Does this mean that fuel is a necessity and that consumption, therefore, is less dependent on price than we think? Take a look at the right half of the graph in Figure 2. Looking closely at the black moving-average trendline, we can see a very slight deceleration in the aggregate increase in fuel consumption from 2004-2008. During this period, the real cost of fuel doubled. The fact that a doubling in price correlates with only a barely-detectable decline in consumption further reinforces the impression that fuel consumption is poorly linked to fuel price. This in turn suggests that consumer decision-making about fuel purchases is driven largely by factors other than price.
As a gross error check on this reasoning, think about your own driving patterns. How many of the kilometres that you drive in a week are truly “discretionary” - i.e., how much of the driving that you do is done for purposes that could easily be eliminated without inflicting a significant impact on your personal life, to the point of forcing a “step-change” in your behaviour? How much of your driving is because you want to, not because you have to?
If the bulk of transportation fuel purchases are indeed effectively non-discretionary, then there is only a very limited extent to which consumer behaviour patterns vis-à-vis transportation fuel consumption are subject to alteration through the imposition of artificial price increases regardless of how they are accomplished; direct taxes (like carbon taxes levied at the pump) or indirect taxes (like price increases resulting from trading in carbon credits purchased by petroleum distillers, with costs passed on to consumers), even if enormous, will not have the desired effect. This is the difference between a luxury and a necessity. If the price of caviar goes up, chances are you’ll eat less caviar; and if it goes up enough, you might well phase it out of your diet. Nobody needs caviar, after all. If the price of wheat goes up, though, chances are you’ll still buy bread; you’ll just have to adapt by reducing consumption in areas that are more discretionary. You’ll see fewer movies, put off buying that X-Box, or not purchase the sofa you’ve been saving for. You don’t really have a choice about buying bread, you see, because the alternative is starvation.
And as the data demonstrate, you largely don’t have a choice about driving your car. The little discretionary things - like that trip to Disney World you wanted to take the kids on - will disappear. But that’s less than 10% of the gas you’ll buy in a year. And a 10% reduction at the margins of consumer behaviour will have a negligible impact compared to much larger effects - like the massive reduction in fossil fuel consumption imposed by a crushing economic crisis; or the massive increase in fossil fuel consumption occasioned by increasing demand for fuel in the growing economies in Asia.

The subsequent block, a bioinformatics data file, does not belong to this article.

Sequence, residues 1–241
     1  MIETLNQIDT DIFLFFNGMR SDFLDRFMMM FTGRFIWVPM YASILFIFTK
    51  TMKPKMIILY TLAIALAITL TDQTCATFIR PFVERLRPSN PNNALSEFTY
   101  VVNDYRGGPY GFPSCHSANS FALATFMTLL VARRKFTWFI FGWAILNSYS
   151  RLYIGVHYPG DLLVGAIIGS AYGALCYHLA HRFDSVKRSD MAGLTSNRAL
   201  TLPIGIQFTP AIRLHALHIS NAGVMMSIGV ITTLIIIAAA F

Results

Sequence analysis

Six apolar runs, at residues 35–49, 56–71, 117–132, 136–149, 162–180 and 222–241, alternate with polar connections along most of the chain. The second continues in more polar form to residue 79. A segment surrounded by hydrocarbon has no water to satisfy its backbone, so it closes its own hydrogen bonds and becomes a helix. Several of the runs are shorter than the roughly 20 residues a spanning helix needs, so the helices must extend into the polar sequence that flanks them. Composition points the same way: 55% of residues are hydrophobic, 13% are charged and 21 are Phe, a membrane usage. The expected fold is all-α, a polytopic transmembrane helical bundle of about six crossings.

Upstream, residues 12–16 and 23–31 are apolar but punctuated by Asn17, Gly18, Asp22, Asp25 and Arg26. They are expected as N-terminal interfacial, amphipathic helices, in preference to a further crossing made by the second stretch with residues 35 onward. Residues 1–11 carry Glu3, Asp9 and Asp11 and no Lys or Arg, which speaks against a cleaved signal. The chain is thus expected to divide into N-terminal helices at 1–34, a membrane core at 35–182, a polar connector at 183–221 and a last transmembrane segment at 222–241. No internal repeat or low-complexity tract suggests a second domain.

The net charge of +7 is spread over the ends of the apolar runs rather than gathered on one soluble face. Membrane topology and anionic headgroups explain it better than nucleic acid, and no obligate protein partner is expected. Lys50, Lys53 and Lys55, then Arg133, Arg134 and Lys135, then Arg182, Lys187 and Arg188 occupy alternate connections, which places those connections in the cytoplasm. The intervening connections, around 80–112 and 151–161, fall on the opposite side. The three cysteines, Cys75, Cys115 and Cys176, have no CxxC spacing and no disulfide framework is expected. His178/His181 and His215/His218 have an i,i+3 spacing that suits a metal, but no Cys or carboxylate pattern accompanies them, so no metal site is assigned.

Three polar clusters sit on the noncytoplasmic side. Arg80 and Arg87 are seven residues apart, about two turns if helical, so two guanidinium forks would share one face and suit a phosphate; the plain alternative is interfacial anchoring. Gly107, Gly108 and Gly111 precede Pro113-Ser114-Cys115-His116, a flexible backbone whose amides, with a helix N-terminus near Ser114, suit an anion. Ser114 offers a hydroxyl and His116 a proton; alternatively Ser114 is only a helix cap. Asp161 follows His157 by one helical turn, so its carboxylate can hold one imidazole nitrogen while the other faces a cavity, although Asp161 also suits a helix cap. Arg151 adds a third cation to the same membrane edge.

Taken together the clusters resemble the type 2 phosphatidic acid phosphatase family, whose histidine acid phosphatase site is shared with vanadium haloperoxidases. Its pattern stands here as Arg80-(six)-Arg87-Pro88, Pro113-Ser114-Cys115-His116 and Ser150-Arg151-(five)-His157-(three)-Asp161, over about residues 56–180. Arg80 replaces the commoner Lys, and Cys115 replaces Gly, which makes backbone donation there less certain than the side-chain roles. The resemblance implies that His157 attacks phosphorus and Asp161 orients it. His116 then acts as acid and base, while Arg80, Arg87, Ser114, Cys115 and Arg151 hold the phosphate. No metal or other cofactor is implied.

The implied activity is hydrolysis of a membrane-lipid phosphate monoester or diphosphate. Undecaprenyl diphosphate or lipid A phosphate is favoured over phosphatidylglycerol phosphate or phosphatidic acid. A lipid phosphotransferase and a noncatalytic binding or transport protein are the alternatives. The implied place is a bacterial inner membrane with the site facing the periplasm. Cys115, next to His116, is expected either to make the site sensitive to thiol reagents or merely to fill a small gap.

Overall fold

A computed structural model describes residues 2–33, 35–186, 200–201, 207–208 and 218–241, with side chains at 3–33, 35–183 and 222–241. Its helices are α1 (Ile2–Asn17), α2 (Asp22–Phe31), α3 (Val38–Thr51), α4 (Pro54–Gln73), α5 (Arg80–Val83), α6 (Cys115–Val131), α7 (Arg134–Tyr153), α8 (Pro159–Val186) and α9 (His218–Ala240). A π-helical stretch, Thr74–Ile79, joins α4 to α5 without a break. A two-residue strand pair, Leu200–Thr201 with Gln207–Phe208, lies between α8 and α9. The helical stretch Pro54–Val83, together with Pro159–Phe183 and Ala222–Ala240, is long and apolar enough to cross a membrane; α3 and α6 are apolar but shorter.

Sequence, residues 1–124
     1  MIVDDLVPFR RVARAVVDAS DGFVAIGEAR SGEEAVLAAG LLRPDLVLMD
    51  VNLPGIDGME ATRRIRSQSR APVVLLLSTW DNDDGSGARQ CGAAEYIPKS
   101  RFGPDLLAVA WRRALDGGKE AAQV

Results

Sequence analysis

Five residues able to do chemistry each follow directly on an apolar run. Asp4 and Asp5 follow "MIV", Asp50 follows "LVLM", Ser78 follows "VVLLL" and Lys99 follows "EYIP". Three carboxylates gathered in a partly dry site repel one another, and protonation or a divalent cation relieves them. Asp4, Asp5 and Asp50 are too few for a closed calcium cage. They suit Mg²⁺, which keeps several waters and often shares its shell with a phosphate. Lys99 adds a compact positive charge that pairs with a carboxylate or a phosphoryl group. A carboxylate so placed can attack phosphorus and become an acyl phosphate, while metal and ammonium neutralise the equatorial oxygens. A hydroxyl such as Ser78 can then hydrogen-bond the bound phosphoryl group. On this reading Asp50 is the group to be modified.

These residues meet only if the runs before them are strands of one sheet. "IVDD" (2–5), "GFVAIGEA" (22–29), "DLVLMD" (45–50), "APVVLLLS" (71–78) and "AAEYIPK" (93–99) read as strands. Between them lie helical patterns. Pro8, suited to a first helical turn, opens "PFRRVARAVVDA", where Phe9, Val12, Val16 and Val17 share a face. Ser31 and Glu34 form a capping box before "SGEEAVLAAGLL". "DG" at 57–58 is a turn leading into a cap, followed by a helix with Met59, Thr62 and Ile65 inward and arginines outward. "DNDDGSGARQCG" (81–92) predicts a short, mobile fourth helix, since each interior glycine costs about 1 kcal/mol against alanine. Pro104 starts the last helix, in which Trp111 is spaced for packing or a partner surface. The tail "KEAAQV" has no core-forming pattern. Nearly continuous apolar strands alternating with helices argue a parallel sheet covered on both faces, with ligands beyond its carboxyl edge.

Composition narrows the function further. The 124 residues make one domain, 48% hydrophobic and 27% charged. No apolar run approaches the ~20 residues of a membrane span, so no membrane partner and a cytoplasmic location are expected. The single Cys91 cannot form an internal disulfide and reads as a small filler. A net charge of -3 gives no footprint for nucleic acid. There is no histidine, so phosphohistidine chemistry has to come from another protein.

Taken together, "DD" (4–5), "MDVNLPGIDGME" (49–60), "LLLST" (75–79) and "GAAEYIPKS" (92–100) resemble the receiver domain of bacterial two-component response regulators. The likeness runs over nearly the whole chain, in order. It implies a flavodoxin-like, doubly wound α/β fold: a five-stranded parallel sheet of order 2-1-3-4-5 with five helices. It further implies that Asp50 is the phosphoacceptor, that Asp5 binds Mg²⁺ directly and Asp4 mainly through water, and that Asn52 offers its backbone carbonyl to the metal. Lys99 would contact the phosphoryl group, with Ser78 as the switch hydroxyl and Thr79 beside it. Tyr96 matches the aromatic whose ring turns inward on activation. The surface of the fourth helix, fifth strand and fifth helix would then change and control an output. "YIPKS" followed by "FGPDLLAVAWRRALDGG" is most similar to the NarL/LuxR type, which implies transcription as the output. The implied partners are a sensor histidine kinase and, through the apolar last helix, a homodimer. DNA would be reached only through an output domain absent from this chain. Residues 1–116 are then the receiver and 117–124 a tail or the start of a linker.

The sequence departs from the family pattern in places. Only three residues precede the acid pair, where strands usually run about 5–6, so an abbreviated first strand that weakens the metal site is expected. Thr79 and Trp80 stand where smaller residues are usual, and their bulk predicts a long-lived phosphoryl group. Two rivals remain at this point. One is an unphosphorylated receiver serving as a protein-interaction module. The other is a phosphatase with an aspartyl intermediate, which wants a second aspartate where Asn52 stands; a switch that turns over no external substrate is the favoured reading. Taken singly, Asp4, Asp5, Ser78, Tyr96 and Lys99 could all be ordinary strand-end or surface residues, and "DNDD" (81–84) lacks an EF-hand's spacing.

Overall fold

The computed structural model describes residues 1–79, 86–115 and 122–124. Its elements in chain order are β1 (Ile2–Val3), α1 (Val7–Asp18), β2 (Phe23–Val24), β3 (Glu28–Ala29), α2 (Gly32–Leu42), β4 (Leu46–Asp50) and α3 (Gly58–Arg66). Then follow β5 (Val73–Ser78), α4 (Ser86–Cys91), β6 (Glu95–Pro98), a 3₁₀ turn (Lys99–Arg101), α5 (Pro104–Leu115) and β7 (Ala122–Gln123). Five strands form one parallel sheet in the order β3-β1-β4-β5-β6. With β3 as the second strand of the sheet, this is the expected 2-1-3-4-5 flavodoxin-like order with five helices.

When 90% of your purchases in a given sector are non-discretionary, you’re an addict. So the bottom line, I guess, is that for all practical purposes, we ARE addicted to fossil fuels - at least in the sense that price changes do not appear to significantly impact consumption patterns (looks like I agree with Obama on something. Somebody write the date down). Which is why trying to modify behaviour through price manipulation won’t work. Forcing consumers to pay higher prices for largely non-discretionary commodities like transportation fuel will not lead to a significant reduction in fuel consumption; it will simply lead to a lower standard of living by forcing them to make sacrifices in discretionary areas. Spending an extra $700 on gas simply means that the family won’t be able to afford the nice-to-haves, like sending little Johnny to hockey practice. Which of course means that Mom won’t have to drive him there, which means that she’ll save the expense of the fuel that would have been consumed, which in turn means a concomitant reduction in those greenhouse gas emissions Obama was talking about when he advised that Pennsylvania man to buy a hybrid to transport his 10 children in.
Of course, any family that is having difficulty affording a $700 increase in annual fuel costs probably isn’t in a position to spend $40k on a Prius. But, hey…details.